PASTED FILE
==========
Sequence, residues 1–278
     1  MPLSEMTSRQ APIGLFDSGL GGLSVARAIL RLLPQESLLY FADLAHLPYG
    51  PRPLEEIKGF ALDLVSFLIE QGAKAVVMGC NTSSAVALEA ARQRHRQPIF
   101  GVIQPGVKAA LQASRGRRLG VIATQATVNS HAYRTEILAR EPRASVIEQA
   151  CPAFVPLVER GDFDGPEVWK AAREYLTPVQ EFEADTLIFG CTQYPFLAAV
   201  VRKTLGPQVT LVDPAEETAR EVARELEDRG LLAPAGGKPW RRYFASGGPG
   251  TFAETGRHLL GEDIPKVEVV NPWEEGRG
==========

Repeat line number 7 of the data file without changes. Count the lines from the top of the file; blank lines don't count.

   251  TFAETGRHLL GEDIPKVEVV NPWEEGRG